‘What I gave will be mine forever’

By Mary Ann Otto | Special to The Compass | June 14, 2016

I am a morning person. Sometimes I wake up at 3:30 a.m. and cannot go back to sleep. When this happens, I spend some time in prayer. Then, I usually I get up for a while, sit in the recliner with my laptop and also turn on the TV. I often turn on the Christian Broadcast Network. The last three times I have encountered heart-wrenching stories. Is God speaking to me through my insomnia?

These episodes are sponsored by the missionary arm of TV evangelists or other not-for-profit mission efforts. My first encounter took me to Haiti, where they were trying to raise money for clean water filtration systems. The pictures told the story. Children and adults were unnecessarily dying from diseases contracted from drinking unsafe water. “Please be the hands of Jesus and give so mothers don’t have to watch their children die” is a very clear message.

My second encounter that week took me to Africa, where the number of people who were starving to death every day was remarkable. Again, because children are the most vulnerable, they became the population with the most deaths. All of those little starving faces in the 21st century, how can this be? “If we don’t give, these children will die.” Once again, there was no mincing of words.

The third encounter in my insomnia series was with the beautiful, very Catholic Roma Downey of “Touched by Angel” fame. She was sharing her life-changing experience as a missionary with Operation Smile. This volunteer organization travels the world offering free surgical procedures for underprivileged children who have been born with a cleft lip or cleft palate. She tearfully describes the abuse the children and their families go through for something that a simple surgery can correct. “Some children are buried alive at birth.” I can hardly bear to see that statement in writing but it is the truth.

As professed friends and baptized followers of Jesus, I think it is difficult to not ask ourselves what does this have to do with me? As Christian stewards of absolutely everything that is placed in our care, what is our responsibility in the problem and in its resolution?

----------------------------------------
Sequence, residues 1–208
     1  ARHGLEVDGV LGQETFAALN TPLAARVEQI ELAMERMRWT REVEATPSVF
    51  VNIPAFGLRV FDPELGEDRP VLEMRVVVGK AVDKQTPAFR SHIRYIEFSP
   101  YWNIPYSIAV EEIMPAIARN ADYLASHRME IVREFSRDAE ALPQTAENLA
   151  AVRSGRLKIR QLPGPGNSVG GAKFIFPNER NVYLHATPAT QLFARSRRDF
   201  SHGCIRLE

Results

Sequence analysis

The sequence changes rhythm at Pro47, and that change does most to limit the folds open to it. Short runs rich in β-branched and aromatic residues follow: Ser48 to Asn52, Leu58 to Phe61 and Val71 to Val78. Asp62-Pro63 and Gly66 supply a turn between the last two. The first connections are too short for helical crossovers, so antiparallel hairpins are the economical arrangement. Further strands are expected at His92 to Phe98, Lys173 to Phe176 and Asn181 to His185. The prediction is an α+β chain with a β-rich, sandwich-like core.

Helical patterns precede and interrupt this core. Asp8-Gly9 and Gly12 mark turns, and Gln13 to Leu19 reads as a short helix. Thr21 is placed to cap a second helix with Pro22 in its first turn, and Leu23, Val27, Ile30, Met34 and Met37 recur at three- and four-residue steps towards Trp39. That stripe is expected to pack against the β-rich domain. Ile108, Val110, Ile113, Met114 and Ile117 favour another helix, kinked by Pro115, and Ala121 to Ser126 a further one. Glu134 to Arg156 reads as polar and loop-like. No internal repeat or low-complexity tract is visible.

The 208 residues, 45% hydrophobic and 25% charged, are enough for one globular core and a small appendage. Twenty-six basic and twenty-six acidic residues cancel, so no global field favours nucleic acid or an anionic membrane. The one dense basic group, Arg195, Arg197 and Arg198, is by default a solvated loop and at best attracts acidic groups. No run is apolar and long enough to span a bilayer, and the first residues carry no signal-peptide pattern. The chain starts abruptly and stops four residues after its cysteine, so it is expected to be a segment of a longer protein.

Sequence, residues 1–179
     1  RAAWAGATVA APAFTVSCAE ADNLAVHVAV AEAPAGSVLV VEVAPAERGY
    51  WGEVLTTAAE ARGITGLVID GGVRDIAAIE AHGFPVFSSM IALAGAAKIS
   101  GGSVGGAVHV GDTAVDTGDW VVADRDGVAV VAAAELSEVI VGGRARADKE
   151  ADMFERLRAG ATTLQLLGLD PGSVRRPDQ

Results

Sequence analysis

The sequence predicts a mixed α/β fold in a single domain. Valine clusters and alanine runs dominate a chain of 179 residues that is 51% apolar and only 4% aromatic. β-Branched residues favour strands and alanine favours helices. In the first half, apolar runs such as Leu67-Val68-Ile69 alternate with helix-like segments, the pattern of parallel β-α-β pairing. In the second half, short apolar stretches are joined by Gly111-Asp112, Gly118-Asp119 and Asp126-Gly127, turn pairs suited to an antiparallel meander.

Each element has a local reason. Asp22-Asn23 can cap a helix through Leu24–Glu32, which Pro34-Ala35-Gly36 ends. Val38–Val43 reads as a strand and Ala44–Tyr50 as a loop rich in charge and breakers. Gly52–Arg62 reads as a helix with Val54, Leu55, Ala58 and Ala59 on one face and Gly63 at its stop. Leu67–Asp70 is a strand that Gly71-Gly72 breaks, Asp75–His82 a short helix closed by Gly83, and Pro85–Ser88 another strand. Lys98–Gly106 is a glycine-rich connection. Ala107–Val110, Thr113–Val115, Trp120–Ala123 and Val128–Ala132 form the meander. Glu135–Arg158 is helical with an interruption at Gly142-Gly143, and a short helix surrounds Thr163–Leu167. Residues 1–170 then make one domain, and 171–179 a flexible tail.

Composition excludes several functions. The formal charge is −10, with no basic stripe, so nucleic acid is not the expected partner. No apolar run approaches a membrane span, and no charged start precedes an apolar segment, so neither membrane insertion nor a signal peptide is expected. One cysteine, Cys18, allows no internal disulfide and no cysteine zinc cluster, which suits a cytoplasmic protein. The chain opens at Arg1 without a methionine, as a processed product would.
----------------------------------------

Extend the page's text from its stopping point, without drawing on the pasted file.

Sharing generously of our resources is biblical. The Old Testament refers to it as a tithe. Simply explained, we are asked to joyfully give the first 10 percent of our income back to God. We do that in supporting our parishes and other charitable organizations. The Hebrew people of Old Testament times were asked not to “rob God” of these offerings. Harsh, I know. Today, you and I give less than 2 percent back to God.

I wonder what the disconnect is for you and me. I know that part of it is cultural. What we use to consider wants and needs is different. Our patterns of consumption have certainly changed. Stewardship experts say that there is a definite correlation between our relationship with Jesus and our generosity.

As the stewardship director for the diocese, it is my role to further the stewardship message. In doing so, I am constantly challenged to look at my own relationship with Jesus and my own generosity. Recently, I came across quotations on stewardship of generous sharing that challenged my heart. They asked me to look at my financial resources not from what I give, but from what I have left. Here is an example:

American novelist and playwright C.S. Lewis said: “I do not believe one can settle how much we ought to give. I am afraid the only safe rule is to give more than we can spare. In other words, if our expenditures on comforts, luxuries, amusements, etc., is up to the standard common among those with the same income as our own, we are probably giving away too little. If our charities do not pinch or hamper us, I should say they are too small. There should be things we like to do and cannot do because our charitable expenditures exclude them.”

Perhaps we could look more closely at our monthly budgets, invite Jesus into the conversation and give more generously to those suffering around the world. Then like one person, maybe our tombstone epitaph will say: “What I spent is gone. What I kept is lost. But what I gave will be mine forever.”

Otto is Stewardship and Special Projects director for the diocesan Stewardship and Pastoral Services Department.

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